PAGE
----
One thing we both agree that we want for our next trip is a carpet to fit inside. We had a couple of days of bad weather at Fairfields and the family next to us had a carpet laid in their tent. Having a tent which has been ‘snugged up’ is perfect for a rainy day and will save you £100’s in having to do a day of activities away from the campsite. Vango rugs and carpets are backed with waterproof material and can double up as picnic rugs for the beach too.

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Our mountain bikes with tag-alongs are tough to transport but they are worth their weight in gold at the campsite.

We tend to ride our mountain bikes everywhere on the campsite (we found tag-alongs for sale through free cycle) and Sarah and I both have rucsacs and supermarket bags which we hang off the handlebars. We can carry everything we need for a day and if we do forget something then we can get back to the tent quickly.

Another area we need to improve on is the kind of lighting to use inside the tent at night. We bought two long torches from ASDA for £6.50 each and we clip them up inside the tent. It works but it’s not ideal. We each then have a small handheld torch (again from ASDA) but we’d be much better having head torches for everyone. We’re currently looking at some lanterns and even a proper strip-light which you can hook up to mains. If were on mains then we can have a light in the main tent and one inside the gazebo too. Vango’s Light Disc is pretty good at £8 and its Light Pad is a wind-up one. Vango has a quite a selection of lanterns and lights so we’ll be looking more closely at that. Most rely on a 12V power source or rechargeable batteries.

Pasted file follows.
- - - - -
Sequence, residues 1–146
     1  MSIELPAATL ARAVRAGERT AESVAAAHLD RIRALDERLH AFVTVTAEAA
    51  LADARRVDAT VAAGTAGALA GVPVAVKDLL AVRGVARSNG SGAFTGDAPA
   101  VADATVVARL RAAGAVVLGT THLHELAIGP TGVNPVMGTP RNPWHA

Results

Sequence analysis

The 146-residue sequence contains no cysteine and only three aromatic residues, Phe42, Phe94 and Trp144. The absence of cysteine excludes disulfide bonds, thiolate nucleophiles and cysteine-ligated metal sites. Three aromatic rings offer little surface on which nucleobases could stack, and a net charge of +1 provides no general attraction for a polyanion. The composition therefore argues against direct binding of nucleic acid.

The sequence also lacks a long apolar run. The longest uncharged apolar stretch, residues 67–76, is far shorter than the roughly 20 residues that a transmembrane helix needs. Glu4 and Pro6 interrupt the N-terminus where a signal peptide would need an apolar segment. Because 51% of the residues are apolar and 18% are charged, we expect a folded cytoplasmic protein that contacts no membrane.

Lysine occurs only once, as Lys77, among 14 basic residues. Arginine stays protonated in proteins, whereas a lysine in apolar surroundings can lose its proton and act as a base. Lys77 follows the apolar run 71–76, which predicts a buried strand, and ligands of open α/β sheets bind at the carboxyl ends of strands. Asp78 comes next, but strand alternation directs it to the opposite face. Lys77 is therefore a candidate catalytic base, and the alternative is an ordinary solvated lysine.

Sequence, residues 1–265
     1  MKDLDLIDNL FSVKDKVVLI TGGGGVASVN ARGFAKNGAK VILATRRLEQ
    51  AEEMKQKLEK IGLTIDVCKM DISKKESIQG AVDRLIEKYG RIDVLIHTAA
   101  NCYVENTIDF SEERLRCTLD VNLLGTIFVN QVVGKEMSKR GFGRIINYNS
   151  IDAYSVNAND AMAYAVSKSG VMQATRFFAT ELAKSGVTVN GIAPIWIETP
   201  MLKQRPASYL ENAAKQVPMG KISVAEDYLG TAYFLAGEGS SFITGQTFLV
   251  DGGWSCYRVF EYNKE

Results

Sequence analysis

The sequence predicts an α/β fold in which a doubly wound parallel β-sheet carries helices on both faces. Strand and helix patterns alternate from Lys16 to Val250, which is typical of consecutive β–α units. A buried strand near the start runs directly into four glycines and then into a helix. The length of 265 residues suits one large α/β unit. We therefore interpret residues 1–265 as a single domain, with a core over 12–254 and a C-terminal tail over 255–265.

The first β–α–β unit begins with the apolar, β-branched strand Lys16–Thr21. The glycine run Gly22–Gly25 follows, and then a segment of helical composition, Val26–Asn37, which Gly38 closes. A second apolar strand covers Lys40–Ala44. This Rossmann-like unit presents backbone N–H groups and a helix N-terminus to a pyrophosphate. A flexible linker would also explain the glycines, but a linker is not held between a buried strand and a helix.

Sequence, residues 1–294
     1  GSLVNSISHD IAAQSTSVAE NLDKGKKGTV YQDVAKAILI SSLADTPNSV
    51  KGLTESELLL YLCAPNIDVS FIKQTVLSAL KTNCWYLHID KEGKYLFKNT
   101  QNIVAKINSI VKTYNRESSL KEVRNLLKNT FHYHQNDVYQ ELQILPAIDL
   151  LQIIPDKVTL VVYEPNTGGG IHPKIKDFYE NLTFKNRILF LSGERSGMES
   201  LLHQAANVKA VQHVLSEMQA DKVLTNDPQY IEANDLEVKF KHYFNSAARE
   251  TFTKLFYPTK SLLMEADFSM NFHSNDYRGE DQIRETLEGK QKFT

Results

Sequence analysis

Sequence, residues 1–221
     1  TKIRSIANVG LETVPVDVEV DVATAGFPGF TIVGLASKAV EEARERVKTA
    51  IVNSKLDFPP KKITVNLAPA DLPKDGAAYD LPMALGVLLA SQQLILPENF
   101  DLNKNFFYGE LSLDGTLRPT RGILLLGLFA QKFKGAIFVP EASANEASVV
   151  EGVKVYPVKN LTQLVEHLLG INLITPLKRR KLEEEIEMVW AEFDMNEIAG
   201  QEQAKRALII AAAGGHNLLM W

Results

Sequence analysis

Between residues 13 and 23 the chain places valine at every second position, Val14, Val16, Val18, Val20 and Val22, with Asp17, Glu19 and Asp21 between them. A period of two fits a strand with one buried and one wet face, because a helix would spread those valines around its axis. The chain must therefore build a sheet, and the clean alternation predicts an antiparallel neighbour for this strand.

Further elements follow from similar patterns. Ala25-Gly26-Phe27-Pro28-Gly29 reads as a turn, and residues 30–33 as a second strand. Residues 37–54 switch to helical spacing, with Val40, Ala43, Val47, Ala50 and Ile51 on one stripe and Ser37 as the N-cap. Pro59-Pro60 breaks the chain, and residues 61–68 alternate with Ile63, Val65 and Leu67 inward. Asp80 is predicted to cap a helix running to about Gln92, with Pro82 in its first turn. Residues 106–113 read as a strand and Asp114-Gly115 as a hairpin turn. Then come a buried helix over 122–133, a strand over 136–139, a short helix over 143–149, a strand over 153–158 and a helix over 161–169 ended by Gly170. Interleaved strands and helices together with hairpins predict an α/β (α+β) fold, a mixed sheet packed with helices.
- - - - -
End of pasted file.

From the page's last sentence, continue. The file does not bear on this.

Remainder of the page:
Lights

Electrics is a big issue with family camping. We found that we put an incredible load on the car’s battery as we used the 12V socket in it for pumping up the air beds, recharging DVD players to entertain the children and constantly charging our smartphones. One fear is that one day we’ll run the battery down flat. We haven’t yet but this Easter we’ll look at buying solar-panel charges for our phones and maybe consider a mains hook up.

Another area of our camping which we really want to improve is our dining facilities and furniture. Sarah has her eye on the Como Kitchen and the Mulberry and Alder tables. We did have a four-seater fold-up table but it bit the dust on our last trip so we now need a proper dining table and four chairs.

Tables

For cooking we bought a cheap stove from Mountain Warehouse and hooked it up to the gas bottle we use on the BBQ at home. But we were disappointed with the stove. We’re going to replace it because it just didn’t have enough power in the flames –  heating up hot water for tea was really time consuming. We’re going to look at the offerings from Coleman and Camping Gaz. I currently take a small Primus stove and gas with me on day trips and a kettle and frying pan so we can brew up a cup of tea or cook bacon and sausages for lunches.

We are also looking at buying a fridge which we can run off the 12V car socket and in the tent off mains. We managed our food using a simple single fridge and cool bags but you do need up making regular supermarket trips. What we’d really like is two fridges and better cool bags so that we can sustain ourselves longer.

So that’s where we are in our plans for Easter camping.

Location wise for this Easter, we’re considering camping at WooWoo Campsite which is east of Haywards Heath. We’ll let you know what it’s like.

Family Camping - Adventure 52 magazine

Vango has two great website links with more advice. Check out it’s Family Camping link and it’s Camping with Kids link.

About the author: Dan Tye

Dan came up with the idea for Adventure 52 after meeting so many like-minded people who love all kinds of adventure activities. He started out as pilot in the RAF, has worked as a ski instructor and has spent the past 12 years as an editor and journalist for motorcycling, aviation and adventure magazines.